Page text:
Washington Export Industry on Track for Record Breaking 2014, According to New Analysis by Beacon Economics; Chinese Demand For Aerospace Helping Drive Growth

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The value of exports from Washington State is on target to reach an all time high in 2014. Average annual growth of Washington exports is forecast to overtake the robust growth experienced in 2013, driving the total value of state exports to a record-breaking level.

Washington’s export growth has been relatively vigorous every year since the recession ended and the performance in the first half of 2014 has been true to trend, pushing export values into new territory.

The value of exports from Washington State is forecast to reach an all time high in 2014, according to an analysis released today by Beacon Economics. Average annual growth of the value of Washington exports is on track this year to overtake the robust growth experienced in 2013, driving the total value of state exports in 2014 to a record-breaking level, the analysis finds.

In the first two quarters of 2014 (January to June), the value of Washington’s exports totaled $43.2 billion, an 11.2% increase over the first half of 2013. This puts 2014 squarely on target to surpass the record value exports reached in 2013 and to beat last year’s 7.9% average annual growth, according to the analysis.

“Washington’s export growth has been relatively vigorous every year since the recession ended and the performance in the first half of 2014 has been true to trend, pushing export values into new territory,” says Beacon Economics’ Founding Partner Christopher Thornberg who co-authored the report with Beacon Economics’ Senior Research Associate Eric Meux.

Since the end of the recession in 2009, exports in the state have averaged 9.8% annual growth compared to just 4.3% prior to the recession (1997-2007). Since the recession first began in 2007, through 2013, Washington’s export value has averaged 7% annual growth.

According to the analysis, Washington’s export industry performed well during the recession compared to pre-recession years and compared to the nation overall, where exports only averaged 3% annual growth between 2007 and 2013. Washington’s stronger growth has increased the state’s share of total U.S. exports from 4.9% in 2007 to 5.2% in 2013.

The faster post-recession growth of Washington exports can be attributed primarily to strength in the state’s top commodities. “Washington exports a variety of products, but its biggest commodities have performed powerfully and consistently in recent years, leading to more rapid overall growth,” says Meux.

The state’s number one commodity, transportation equipment, specifically aerospace parts and products, accounted for 56% of the value of all Washington exports in 2013. Since 2008, the value of transportation equipment exports has averaged 7.2% annual growth. “Given that The Boeing Company is located in Washington, and that China’s demand for aircraft does not appear to be waning, exports of aerospace equipment should be a major factor in the state’s economy long into the future,” says Meux.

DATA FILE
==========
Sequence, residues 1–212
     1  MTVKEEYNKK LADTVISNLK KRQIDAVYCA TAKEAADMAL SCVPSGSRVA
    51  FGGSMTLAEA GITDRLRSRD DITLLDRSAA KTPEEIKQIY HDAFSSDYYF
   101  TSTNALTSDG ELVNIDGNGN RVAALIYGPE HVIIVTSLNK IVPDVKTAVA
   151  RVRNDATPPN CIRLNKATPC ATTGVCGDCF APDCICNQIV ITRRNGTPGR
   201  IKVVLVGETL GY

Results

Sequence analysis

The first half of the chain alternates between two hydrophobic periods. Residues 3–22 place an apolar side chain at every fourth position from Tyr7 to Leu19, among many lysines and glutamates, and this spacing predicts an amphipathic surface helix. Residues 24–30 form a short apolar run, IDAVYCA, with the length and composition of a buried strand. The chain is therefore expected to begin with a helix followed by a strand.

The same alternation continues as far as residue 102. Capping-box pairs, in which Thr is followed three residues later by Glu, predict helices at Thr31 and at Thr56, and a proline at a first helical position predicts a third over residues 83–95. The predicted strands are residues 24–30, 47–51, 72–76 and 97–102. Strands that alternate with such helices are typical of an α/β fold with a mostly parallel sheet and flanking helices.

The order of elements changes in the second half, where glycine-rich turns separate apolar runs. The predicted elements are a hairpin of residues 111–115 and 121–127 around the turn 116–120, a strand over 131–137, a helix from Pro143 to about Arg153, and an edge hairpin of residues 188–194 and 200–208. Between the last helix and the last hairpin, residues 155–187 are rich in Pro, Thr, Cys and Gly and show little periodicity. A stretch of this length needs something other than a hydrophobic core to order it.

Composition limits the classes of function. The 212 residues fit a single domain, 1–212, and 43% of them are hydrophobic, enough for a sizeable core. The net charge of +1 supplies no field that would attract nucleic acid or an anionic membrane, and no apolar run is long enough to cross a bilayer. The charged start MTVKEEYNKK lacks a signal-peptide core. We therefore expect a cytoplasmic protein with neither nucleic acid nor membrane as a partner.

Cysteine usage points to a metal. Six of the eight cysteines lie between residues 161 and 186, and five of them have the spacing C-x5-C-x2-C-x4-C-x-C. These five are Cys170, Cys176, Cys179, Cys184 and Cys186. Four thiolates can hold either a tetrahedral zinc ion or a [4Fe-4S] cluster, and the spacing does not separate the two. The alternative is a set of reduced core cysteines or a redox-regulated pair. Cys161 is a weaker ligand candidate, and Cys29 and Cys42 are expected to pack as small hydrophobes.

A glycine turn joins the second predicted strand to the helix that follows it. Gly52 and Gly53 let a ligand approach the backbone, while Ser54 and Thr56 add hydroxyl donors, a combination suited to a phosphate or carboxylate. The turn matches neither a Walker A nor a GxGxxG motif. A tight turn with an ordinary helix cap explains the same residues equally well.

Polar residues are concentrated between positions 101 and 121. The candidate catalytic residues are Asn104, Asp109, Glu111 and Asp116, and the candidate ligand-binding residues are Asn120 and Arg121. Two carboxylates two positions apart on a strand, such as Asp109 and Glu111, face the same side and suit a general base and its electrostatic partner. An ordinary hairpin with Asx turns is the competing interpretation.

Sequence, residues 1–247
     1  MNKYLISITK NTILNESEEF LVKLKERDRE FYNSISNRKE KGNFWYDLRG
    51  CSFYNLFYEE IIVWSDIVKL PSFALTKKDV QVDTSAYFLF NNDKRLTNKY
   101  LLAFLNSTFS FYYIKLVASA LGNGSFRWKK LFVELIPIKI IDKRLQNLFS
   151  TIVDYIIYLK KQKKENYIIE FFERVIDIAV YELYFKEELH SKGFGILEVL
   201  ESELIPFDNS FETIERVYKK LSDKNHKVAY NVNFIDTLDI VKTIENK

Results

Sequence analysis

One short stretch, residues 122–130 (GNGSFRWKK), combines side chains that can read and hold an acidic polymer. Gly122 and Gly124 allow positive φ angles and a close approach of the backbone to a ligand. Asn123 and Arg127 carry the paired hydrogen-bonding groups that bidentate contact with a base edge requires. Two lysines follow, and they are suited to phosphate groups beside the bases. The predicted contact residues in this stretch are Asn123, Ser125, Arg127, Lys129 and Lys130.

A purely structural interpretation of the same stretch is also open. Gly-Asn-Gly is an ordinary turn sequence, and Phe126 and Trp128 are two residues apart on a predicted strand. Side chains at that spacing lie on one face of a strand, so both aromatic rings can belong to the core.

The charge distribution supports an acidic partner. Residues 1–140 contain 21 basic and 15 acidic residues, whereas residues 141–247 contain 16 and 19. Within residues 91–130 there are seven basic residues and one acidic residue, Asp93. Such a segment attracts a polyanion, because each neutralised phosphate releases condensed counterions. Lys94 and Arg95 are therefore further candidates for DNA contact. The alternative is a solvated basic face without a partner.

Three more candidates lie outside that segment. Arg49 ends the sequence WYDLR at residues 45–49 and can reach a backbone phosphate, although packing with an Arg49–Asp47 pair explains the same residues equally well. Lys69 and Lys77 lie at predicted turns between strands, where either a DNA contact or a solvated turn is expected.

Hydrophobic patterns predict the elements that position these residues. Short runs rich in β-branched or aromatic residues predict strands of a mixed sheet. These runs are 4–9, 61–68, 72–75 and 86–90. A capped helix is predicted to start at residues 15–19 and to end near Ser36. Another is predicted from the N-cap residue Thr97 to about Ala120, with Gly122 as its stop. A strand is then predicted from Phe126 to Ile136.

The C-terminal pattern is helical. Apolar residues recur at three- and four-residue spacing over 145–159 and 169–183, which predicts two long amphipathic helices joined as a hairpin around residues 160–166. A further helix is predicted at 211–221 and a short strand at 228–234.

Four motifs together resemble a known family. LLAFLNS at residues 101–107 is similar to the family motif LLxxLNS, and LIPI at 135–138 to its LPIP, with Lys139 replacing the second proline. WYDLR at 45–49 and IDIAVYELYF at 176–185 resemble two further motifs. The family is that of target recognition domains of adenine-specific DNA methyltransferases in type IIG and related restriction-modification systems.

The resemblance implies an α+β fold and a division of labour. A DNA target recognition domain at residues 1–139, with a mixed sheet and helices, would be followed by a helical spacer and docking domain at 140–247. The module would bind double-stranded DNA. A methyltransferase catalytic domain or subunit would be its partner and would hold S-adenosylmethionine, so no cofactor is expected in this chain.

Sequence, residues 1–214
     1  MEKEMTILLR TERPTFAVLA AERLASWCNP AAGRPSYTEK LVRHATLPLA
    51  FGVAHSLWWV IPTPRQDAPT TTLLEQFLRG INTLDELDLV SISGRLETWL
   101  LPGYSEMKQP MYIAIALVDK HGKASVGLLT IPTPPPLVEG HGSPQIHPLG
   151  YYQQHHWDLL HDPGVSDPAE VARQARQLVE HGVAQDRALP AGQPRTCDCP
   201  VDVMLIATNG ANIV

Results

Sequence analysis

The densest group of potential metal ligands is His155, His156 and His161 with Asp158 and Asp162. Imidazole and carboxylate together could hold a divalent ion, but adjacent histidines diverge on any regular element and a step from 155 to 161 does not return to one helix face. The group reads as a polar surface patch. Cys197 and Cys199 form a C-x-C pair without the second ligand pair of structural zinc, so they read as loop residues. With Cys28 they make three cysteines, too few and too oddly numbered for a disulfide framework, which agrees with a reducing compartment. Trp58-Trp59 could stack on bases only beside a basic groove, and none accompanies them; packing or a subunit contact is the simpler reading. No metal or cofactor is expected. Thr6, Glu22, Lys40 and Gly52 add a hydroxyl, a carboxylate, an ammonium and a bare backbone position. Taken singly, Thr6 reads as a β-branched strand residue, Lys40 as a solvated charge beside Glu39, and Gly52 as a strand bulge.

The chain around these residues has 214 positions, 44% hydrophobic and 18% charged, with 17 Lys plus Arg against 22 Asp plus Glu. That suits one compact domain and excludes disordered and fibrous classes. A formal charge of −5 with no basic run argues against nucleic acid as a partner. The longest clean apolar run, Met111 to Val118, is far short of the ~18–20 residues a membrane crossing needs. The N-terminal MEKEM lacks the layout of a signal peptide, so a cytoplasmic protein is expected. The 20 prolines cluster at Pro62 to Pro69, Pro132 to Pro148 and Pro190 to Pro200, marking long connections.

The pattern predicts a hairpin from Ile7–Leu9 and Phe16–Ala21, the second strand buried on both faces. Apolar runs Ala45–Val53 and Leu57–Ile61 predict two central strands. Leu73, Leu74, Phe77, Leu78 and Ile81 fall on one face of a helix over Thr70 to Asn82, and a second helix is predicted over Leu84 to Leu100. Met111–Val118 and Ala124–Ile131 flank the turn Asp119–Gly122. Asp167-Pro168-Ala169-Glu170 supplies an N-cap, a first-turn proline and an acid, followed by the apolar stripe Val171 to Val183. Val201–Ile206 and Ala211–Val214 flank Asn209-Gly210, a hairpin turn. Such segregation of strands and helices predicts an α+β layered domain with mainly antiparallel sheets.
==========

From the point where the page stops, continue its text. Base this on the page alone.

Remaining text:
Based on current economic conditions, the report’s authors say the longer-term outlook for export trade in the state is strong. “We expect the growth trend in exports to continue,” says Thornberg. “The U.S. dollar is at close to a 20-year low and the global economy is regaining momentum – these are conditions that will fuel world demand for goods from Washington, which in turn will help drive the state’s economy.”

Export trade is an important engine of Washington’s overall economy, making up a very significant share of the state’s total economic output – 20% as of 2013, the analysis finds.

Additional key findings include:

  • In 2013 Washington’s merchandise export trade was valued at $81.6 billion—20% of the overall state economy. Among the 50 states, Washington currently ranks 2nd in terms of exports as a share of its economy.
  • In 1997 the value of exports to China represented 5.5% of Washington’s total exports; in 2013, that share jumped to 20.5%. Over the last ten years, the value of exports to China has grown 411% in nominal terms. From 2012 to 2013, the value of Washington’s exports to China increased by 18% compared to 11% in the nation as a whole.
  • In 2013, the value of manufactured durable goods exports made up 66.4% of Washington’s total export value.
  • Recently, Washington export prices have been higher than in the U.S. overall. This is partly due to higher priced commodities, but also reflects the fact that Washington export firms are able to achieve higher profits than those in the nation overall.
  • Real exports of petroleum and coal products, the state’s number three commodity, have averaged 23.3% annual growth since 2008.

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Victoria Bond
Beacon Economics

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